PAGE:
Hurricne Harvey Logan Hawkes
Farmers and ranchers await funding to recover from Hurricane Harvey and other disasters.

Massive disaster bill passes House; states wait for additional relief funding

If, and when, lawmakers agree on a final and latest disaster relief bill, it will represent the third such measure to provide assistance to states and communities ravaged by Hurricanes Harvey, Irma and Maria, and wildfires in 2017.

Beaming with confidence after the Tax Cuts and Jobs Act legislation passed through both the House and Senate, and becoming law with the  President's signature, work on a massive disaster relief bill hit a major snag late in the week, dashing hopes for state leaders and farmers who have been asking for additional extra help recovering from major hurricanes and wildfires this year.

The proposed $81 billion House disaster package (H.R. 4667) managed to pass 261-169 Thursday in spite of a number of objections from both Republicans and Democrats. But the Senate will not take up the bill until after the holiday break.

Most Democrats opposing passage of the disaster package said the funding level was less than needed to provide a wide spectrum of relief to all those affected by storms and wildfires. But some lawmakers were pleased that the House package nearly doubled what President Trump had originally requested.

A few Democrats  who voted in favor of the package and a few who opposed it complained that more was needed to provide additional aid to hurricane ravaged Puerto Rico, which is still struggling to return basic services to island residents, and for repairing infrastructure to pre-storm levels.

No Offsets

On the Republican side, those who opposed passage of the disaster relief package objected to spending measures that would add to the national debt. Many conservatives slammed the package because it wasn't offset by spending cuts.

Sen. John Cornyn (R-Texas) said the Senate would not be able to discuss and vote on its version of a relief bill until after the New Year break, the earliest time offered to take up the issue where additional changes are likely.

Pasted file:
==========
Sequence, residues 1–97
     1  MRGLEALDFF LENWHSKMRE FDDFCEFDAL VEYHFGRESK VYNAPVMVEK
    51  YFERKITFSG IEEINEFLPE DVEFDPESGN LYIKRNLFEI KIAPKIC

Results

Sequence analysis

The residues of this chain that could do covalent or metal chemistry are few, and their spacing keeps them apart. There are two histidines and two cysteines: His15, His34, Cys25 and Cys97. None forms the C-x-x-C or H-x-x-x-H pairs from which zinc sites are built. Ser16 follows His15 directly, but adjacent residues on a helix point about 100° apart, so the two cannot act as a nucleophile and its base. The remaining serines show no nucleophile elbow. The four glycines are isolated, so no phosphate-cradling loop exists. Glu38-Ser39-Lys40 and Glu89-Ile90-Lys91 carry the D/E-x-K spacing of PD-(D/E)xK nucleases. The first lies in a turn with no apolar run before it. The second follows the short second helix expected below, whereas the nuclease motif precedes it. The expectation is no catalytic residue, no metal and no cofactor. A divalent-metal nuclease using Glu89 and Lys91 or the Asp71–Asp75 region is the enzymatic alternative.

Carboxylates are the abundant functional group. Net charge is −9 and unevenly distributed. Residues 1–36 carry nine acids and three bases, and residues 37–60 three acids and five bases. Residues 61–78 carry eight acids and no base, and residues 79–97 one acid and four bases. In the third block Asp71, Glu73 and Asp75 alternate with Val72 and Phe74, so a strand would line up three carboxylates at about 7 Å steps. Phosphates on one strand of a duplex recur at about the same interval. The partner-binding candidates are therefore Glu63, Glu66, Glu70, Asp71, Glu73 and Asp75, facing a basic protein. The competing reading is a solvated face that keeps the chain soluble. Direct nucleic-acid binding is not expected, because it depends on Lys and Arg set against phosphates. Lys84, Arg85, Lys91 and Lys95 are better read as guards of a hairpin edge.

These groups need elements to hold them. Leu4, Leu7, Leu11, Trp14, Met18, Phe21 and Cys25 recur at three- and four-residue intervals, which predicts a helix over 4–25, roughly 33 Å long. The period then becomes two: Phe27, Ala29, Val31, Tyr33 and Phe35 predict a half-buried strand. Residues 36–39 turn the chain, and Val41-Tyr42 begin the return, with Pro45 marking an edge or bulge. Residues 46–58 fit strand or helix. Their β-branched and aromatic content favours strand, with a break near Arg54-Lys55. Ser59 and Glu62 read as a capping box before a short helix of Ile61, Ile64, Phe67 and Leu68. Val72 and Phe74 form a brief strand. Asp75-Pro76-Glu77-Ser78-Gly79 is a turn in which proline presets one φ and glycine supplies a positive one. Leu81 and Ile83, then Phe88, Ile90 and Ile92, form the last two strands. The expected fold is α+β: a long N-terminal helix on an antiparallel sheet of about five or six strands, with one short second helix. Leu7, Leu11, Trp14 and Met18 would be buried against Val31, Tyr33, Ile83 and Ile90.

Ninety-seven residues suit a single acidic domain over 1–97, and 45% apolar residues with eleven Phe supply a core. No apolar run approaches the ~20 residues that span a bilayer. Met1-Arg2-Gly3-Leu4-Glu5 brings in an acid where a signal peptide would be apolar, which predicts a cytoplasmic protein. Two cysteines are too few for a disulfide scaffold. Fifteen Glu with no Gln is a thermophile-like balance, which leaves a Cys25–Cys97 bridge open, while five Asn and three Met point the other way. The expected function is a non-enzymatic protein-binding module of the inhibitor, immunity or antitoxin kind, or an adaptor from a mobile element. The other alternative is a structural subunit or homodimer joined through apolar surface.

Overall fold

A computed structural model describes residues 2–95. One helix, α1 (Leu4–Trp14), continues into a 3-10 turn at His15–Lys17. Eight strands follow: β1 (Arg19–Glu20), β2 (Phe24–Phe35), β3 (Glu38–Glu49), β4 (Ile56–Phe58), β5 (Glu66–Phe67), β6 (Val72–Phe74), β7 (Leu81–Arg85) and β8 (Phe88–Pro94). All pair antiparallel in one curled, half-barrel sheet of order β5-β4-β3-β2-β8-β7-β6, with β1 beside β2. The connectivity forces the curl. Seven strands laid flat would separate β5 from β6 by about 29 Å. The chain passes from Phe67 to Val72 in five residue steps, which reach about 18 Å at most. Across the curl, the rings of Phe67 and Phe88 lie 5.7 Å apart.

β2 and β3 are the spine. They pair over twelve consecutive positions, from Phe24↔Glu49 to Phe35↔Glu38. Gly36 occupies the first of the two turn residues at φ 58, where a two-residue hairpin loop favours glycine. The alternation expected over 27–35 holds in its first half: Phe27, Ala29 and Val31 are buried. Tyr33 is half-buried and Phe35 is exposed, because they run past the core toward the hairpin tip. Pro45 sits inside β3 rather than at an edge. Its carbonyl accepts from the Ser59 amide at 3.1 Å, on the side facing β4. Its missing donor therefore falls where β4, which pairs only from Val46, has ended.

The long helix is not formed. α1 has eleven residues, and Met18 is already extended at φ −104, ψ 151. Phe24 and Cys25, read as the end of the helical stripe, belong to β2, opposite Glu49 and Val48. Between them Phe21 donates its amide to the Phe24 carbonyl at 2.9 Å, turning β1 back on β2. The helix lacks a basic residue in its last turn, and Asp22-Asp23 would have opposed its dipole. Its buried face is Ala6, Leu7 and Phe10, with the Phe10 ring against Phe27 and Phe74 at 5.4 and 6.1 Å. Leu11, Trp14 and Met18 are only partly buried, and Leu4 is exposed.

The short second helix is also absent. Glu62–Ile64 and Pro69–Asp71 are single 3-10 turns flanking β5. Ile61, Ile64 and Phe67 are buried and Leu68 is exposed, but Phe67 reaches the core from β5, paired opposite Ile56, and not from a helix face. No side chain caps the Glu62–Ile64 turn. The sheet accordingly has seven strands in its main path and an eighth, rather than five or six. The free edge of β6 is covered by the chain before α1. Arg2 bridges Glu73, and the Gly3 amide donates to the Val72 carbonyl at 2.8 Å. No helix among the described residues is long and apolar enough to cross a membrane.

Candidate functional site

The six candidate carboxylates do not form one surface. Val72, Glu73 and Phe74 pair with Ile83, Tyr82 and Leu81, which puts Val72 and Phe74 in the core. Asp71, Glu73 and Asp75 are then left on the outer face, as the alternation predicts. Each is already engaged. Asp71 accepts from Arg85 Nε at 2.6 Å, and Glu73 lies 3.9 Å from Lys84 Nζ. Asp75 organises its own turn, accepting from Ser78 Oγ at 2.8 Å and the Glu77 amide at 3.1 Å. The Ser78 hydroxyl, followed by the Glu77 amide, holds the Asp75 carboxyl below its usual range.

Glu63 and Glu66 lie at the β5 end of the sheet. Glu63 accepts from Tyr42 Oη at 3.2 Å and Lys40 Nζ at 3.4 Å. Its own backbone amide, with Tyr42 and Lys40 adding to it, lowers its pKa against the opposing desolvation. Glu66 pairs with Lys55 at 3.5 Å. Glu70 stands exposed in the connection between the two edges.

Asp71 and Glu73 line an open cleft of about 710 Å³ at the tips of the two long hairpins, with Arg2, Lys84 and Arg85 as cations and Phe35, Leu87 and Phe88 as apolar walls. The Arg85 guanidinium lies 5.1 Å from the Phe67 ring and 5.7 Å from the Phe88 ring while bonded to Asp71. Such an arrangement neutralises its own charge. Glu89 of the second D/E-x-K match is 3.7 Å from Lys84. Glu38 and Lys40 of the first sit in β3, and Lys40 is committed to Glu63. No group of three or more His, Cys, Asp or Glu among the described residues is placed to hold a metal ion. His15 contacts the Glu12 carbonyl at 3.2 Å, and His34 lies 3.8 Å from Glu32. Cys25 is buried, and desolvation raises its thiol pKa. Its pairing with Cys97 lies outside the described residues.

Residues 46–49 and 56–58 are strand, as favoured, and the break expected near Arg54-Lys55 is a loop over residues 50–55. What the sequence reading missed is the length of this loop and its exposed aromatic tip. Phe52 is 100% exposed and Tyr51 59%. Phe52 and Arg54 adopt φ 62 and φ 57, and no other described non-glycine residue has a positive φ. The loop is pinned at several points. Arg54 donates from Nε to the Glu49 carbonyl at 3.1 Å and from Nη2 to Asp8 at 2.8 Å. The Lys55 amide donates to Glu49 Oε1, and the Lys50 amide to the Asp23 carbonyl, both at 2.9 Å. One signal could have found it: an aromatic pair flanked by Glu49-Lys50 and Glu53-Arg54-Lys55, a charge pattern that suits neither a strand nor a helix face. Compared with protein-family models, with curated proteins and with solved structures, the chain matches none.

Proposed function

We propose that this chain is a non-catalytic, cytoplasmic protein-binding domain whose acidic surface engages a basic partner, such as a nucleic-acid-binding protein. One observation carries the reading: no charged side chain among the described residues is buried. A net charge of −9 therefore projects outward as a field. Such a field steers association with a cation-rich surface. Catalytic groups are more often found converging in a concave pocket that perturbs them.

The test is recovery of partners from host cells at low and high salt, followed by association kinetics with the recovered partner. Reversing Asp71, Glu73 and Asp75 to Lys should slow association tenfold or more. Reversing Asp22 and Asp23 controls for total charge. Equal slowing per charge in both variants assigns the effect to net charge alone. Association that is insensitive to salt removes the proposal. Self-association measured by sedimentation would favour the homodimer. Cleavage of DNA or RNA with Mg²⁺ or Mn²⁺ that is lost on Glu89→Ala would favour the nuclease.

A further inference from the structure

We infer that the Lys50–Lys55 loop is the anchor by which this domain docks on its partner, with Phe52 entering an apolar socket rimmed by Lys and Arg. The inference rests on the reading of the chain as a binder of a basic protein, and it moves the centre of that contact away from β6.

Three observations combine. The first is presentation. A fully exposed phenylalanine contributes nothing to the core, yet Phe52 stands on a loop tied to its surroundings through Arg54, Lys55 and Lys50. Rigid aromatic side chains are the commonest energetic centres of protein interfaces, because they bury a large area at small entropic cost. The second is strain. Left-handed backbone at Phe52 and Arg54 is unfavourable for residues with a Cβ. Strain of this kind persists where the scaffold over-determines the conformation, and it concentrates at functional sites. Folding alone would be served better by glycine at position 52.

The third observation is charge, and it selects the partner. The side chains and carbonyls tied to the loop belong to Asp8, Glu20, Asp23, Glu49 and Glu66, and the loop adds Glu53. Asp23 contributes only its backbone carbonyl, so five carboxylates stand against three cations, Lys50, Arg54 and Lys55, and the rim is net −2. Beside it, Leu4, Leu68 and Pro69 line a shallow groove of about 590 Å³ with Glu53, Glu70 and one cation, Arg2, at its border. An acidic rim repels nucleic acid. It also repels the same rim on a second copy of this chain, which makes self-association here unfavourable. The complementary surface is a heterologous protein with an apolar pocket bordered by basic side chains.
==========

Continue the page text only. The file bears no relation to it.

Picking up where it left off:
If, and when, lawmakers agree on a final and latest disaster relief bill, it will represent the third such measure to provide assistance to states and communities ravaged by Hurricanes Harvey, Irma and Maria, and wildfires in 2017.

Farmers who suffered extensive crop and livestock losses from storms and fires in 2017 hope to benefit from this third round of disaster aid. In Texas, many livestock producers continue struggling with rebuilding fences, barns and herds that were diminished by Harvey's strong winds and heavy floodwaters. In addition, cotton producers suffered heavy crop losses across the Texas Coastal Bend and Southeast Texas when Harvey made landfall near Rockport in late August.

Texas Governor Greg Abbott had asked the White House and lawmakers for an additional $60 billion in aid to help Texas’ recovery efforts and criticized the White House after President Trump initially asked for $44 billion in this third round of disaster relief.

In a statement late Thursday, Abbott said the House package is a welcome step in the right direction, but said "more needs to be done" to help the state address critical needs Texans face from the largest natural disaster in the state's history.

Abbott is not the only Texan calling for greater support.  

Texas Relief

"We’re very concerned. When you talk about a geographical area, the number of people with financial impact, Texas was the hardest hit,” Friendswood Rep. Randy Weber (R-Texas) told the Dallas Morning News following Thursday's House vote.

Friendswood is near Houston, an area that suffered over 50 inches of rain in the days following Harvey's landfall.

Meanwhile, a delegation of Florida citrus growers traveled to Washington last week to encourage lawmakers and USDA officials of the importance of disaster assistance, which they said is critical. The Florida citrus industry was hard hit by Hurricane Irma. Florida agricultural officials estimated the 2017 orange crop was reduced by about 27 percent and nearly 40 percent of the state's grapefruit crop was lost to Irma.

Florida, which accounted for 49 percent of total U.S. citrus production in the past season, has been struggling for a decade against citrus greening, an incurable bacterial disease. Prior to the arrival of the citrus disease, the state's lucrative citrus industry shipped a high of 244 million boxes of fruit in the 1997-1998 season.

"My family had just spent $2,300 an acre to grow this crop of grapefruit that was about three weeks away from being ripe, and that hurricane threw 90 percent of it on the ground. Now, there’s no cash flow coming back," Ellis Hunt, a third-generation citrus grower and chairman of the Florida Citrus Commission told Politico last week.

On the brighter side of the House disaster package is a provision that would make cotton growers eligible for a commodity support program, or Price Loss Coverage, in the farm bill. Dairy farmers would also benefit by the lifting of the $20 million cap on livestock insurance programs. But there is no guarantee the Senate version of a disaster relief package will pass through those provisions.

The Senate is set to return from the holiday break on Jan.3, but the House has scheduled their return for Jan. 8.

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